A popular post on LinkedIn discussed the most in-demand skills for 2023. It highlighted one of my favorite things in the top ten: communication. As you might expect, I have opinions on this subject. When it comes to communication, I am curious: what did they have to say about communication? Did they differentiate between different media? What about the importance of accuracy and understandability? Surely they considered how culture impacts the definition of “good communication”?
As it turns out, they only had one paragraph to offer on this soft skill. So I’d like to expand on aspects of communication that you might not think about when considering the “good communication skills required” on a job posting.
Different Communications Media Require Different Skills
On any given day, I will find myself writing or reading content from a variety of sources:
- Wikipedia for quick topic checks
- Websites for product or service information
- Search Engines for short summaries to help narrow down my research path
- Online journals for deep dives into the topic of the day
- Mastodon for quick queries out into the void (I used to use Twitter for this)
- Instagram for service promotion
- LinkedIn for personal branding maintenance
Every one of those venues for communication requires specific expertise to do well. A person who is fantastic at writing copy for a product is probably not the person I want writing the detailed white paper for the latest Software-as-a-Service (SaaS) offering. The person who promotes the company on Instagram or LinkedIn is probably not the person who writes the article to publish in a peer-reviewed journal. It’s not just a question of expertise in the subject matter; the communication skills required are fundamentally different for each medium.
The Curse of Knowledge
But speaking of expertise, it can absolutely get in the way of clear communication. What’s more, it can get in the way of recognizing whether someone has good communication skills at all! Known as the ‘curse of knowledge,’ this bias, especially in tech, makes assumptions regarding what you know and what, as a result, you assume your audience must know as well. If you are talking to people in the same line of work, it’s harder to recognize when you’ve moved into a realm of communication that people new to the field or new to your service will not understand.
If you’re responsible for evaluating whether someone is a good communicator, bringing in someone who is not part of the “in” crowd of subject matter experts can help. Alternatively, if you are evaluating yourself, work with friends and family, so you have someone to remind you when you’re starting to write or speak in incomprehensible jargon. And finally, if you are responsible for interviewing candidates, bring in someone from an entirely different department to help evaluate the candidate’s communication skills. I can guarantee it will be both frustrating and enlightening.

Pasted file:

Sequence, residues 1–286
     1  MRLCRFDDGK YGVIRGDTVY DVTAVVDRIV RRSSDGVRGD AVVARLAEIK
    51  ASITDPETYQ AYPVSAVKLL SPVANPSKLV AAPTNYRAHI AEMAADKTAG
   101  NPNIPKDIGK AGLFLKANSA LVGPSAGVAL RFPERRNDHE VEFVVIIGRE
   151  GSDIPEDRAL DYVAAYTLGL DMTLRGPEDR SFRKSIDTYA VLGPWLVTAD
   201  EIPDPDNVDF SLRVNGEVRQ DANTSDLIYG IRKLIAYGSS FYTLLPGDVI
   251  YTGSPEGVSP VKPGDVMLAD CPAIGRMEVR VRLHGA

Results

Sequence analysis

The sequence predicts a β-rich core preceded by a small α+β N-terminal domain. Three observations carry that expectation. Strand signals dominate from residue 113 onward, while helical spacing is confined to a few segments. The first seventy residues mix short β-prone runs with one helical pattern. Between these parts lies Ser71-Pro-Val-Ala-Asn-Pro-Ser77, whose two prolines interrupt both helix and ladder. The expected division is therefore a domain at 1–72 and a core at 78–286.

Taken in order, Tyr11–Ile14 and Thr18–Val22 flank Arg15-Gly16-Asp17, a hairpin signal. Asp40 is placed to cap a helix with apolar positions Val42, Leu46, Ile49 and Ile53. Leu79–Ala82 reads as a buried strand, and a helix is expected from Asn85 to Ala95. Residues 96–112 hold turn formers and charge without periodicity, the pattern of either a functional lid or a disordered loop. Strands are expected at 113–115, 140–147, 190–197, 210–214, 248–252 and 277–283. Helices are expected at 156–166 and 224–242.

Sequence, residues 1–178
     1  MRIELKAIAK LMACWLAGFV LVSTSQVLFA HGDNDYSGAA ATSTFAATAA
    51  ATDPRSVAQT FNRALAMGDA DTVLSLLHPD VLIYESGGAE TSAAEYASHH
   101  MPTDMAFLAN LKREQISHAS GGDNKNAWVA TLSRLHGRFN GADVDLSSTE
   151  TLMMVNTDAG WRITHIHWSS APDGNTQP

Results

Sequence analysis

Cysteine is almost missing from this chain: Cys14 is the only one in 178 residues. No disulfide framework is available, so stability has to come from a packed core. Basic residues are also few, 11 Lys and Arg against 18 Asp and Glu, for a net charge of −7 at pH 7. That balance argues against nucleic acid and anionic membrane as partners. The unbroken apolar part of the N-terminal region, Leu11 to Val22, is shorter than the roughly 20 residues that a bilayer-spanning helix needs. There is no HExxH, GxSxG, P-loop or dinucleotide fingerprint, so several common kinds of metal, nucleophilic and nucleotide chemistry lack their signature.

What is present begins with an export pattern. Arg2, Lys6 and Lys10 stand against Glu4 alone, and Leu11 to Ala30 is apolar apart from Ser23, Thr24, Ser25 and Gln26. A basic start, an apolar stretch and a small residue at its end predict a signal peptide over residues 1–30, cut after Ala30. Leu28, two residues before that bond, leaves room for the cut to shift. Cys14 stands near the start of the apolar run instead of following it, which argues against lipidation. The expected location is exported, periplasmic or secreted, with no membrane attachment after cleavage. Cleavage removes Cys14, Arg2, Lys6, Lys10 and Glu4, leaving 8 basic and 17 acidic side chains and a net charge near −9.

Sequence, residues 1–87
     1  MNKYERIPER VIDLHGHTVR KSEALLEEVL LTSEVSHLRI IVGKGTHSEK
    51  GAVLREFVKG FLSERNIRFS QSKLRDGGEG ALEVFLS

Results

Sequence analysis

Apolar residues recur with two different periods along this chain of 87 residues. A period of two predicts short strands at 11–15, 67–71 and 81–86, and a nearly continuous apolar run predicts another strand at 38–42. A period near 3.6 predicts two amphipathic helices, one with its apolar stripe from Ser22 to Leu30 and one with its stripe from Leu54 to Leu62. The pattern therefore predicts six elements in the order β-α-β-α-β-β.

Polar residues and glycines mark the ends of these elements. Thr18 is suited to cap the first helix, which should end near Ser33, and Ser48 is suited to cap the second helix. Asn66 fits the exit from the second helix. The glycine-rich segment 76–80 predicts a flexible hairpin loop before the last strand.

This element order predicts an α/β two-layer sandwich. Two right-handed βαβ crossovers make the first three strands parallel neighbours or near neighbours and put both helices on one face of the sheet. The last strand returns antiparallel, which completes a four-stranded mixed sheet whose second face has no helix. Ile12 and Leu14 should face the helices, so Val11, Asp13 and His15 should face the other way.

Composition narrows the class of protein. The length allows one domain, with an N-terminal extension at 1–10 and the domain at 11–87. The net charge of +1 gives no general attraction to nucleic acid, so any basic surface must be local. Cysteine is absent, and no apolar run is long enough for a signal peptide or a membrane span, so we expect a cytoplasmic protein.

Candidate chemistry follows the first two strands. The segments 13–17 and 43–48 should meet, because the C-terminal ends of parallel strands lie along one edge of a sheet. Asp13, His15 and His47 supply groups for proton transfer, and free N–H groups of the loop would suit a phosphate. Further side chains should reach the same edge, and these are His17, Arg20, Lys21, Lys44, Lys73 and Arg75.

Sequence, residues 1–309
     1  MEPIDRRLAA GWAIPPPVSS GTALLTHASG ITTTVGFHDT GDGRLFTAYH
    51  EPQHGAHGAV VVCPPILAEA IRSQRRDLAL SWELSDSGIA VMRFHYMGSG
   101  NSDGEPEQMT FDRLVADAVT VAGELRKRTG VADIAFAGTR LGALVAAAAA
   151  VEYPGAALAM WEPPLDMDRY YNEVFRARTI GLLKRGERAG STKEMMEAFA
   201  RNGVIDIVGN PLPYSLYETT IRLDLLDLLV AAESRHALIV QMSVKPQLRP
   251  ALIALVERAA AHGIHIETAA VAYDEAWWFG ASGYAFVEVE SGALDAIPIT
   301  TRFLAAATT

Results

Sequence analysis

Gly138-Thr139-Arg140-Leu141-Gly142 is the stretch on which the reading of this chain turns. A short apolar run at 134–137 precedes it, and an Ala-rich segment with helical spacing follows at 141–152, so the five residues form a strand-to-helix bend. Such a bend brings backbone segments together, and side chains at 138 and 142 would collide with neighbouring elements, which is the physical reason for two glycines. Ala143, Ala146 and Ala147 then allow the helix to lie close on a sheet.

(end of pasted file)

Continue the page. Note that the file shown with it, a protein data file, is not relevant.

The Culture of Communication
While the post on LinkedIn included email and instant messaging as two media people should be able to handle, it doesn’t point out that what’s considered “good” communication is contextual. Company culture has a significant influence on the criteria for good communication. People have been fired for the use of emojis. They have also been fired for not using emojis. It’s a game of You Can’t Win.
As usual, Grammarly (I am a huge fan of Grammarly) has a great article on the use of emojis in email. Whatever your stance on this style of communication in email, remember that even in the workplace, this is a contextual decision. Don’t judge too harshly.
Listening as a Communication Skill
Communication is never a one-way street, a fact that seems to be missed as people highlight the visible outputs of communications. Listening is perhaps one of the most under-mentioned communication skills in the world. Call it active listening, effective listening, or listening for a purpose; taking the necessary moments to hear what your audience has to say is the only way to communicate effectively.
It is an ongoing source of amazement to me that “effective listening skills” are not promoted as part of “good communication skills.” Without a doubt, it is a skill that is both challenging and necessary to learn, and it will make you more effective in every aspect of life, including business.
Blog posts always suffer from the need for brevity, even when trying to convey big topics, so I’ll wrap up here. Suffice it to say, there is certainly more to communication than being able to grammar-check content. Rather than rely on the easy-yet-imprecise expectation of “good communication skills,” think about what you really need and convey that need clearly.
Don’t just demand high-quality communication skills; model them yourselves.
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